The pressure on the Chinese government to deplete Tibet’s mineral resources is real; Xinhua News has acknowledged that China is expected to run through its own supplies of 7 minerals essential to its economy by the year 2000. The question for the world community is how to persuade large powers that they cannot solve their resource problems by colonizing and exploiting their neighbors.

IV. Impacts of Population Transfer to Tibet

Since its occupation of Tibet, the Chinese government has sought to alleviate population pressures elsewhere, to provide Chinese workers for its factories and projects in Tibet, and to Sinocize Tibet by establishing a range of incentives to attract Chinese to settle in Tibet. Salaries for Chinese workers are higher in Tibet than in China (in U-Tsang, or the TAR, they are often double the rates elsewhere). Bureaucratic restrictions on daily life are streamlined for the settlers and, unlike Tibetans, they are eligible for a three-month paid vacation every one-and-a-half years. The policy has been extremely successful in terms of altering the population makeup in Tibet. At this point Chinese are estimated to outnumber Tibetans in Tibet by 7.6 million compared to 6.1 million. The imbalance is most acute in Amdo, where Chinese outnumber Tibetans by 2.6 million to 1 million. In Kham, the numbers must be estimates since Kham has been subsumed into larger Chinese provinces and census data for Kham specifically are therefore lacking. However, educated estimates place the Chinese at roughly 3.6 million compared to 3 million Tibetans. In U-Tsang as a whole (the TAR), Tibetans still outnumber Chinese by 2.1 to 1.4 million, but in Lhasa, the capital of Tibet, Chinese civilians and militia are estimated to outnumber Tibetans almost two to one.

The influx of Chinese has caused a doubling of the population in Tibet. Prior to 1959, the best estimate and most widely used figure for the total population in the three provinces of Tibet was approximately six million Tibetans. Some Chinese lived in Tibet as well, but their numbers were roughly 1/14th what they are today: Chinese government statistics show the numbers of Chinese in 1953 in the prefectures and counties comprising Kham and Amdo to have totaled 426,000, and fewer would have lived in U-Tsang, which, due to its very high elevation, has long been considered unhealthy by many Chinese.

The fact that the Tibetans are now outnumbered in their own land as a result of deliberate government policies raises the gravest questions of cultural survival. The cultural devastation inherent in the population transfer policy is discussed in a number of publications. This paper focuses on the environmental impacts of the policy.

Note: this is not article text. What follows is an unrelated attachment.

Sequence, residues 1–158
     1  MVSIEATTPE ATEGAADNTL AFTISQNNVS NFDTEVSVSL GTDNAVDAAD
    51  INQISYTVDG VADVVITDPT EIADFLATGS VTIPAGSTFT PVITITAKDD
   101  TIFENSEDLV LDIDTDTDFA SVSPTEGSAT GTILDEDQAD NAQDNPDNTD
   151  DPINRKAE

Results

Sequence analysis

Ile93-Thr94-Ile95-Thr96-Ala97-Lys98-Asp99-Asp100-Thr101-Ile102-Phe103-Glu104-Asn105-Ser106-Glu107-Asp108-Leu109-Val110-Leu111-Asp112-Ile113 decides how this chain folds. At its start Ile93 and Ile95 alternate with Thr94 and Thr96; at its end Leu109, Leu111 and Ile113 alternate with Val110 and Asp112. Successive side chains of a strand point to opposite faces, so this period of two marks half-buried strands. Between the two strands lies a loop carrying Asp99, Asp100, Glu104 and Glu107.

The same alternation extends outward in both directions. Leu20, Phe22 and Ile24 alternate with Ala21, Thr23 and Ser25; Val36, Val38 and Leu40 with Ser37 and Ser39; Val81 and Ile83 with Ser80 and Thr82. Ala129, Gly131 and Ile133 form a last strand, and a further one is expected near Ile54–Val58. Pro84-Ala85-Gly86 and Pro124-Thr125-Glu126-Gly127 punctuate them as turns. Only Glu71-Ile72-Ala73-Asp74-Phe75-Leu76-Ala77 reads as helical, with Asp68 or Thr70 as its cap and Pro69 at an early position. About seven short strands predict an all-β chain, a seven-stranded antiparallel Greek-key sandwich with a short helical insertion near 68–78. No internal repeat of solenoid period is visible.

To understand the environmental impacts of doubling Tibet’s population, it is important to keep in mind two points. First, the terrain is particularly fragile, due to its very high altitude, and its human carrying capacity is low. Second, Chinese settlers bring with them a lifestyle demanding a much higher level of consumer goods, electrical energy, and different foodstuffs than are consumed by Tibetans. The traditional Tibetan way of life was in harmony with the limitations of such a high-altitude, fragile ecosystem. This way of life was, and remains, very simple on a material level, so much so that the Chinese are quite open about its being completely unacceptable to Chinese settlers accustomed to the material advantages of industrialized China. The impacts on the Tibetan landscape from absorbing these settlers have been severe, culturally and environmentally, and are discussed below.

A. Impacts on Grasslands and Agricultural Lands

Grass and rangeland is Tibet’s most extensive land resource, comprising roughly 70% of its area. By contrast, only 2% of the land is suited to farming, and yet the Tibetans adapted to the constraints of their land and, except for a disastrous period in the 1960’s and 70’s when the Chinese government was intervening most heavily in agricultural practices, famine has been unknown in Tibet in historical times. An intricate knowledge, evolved over centuries, of the capacities and needs of their fragile land enabled Tibetans to feed themselves reliably despite vagaries in weather. Now, the fertility of their land and its long-term carrying capacity are diminishing due to the pressures and governmental policies connected with the population transfer of Chinese settlers into Tibet.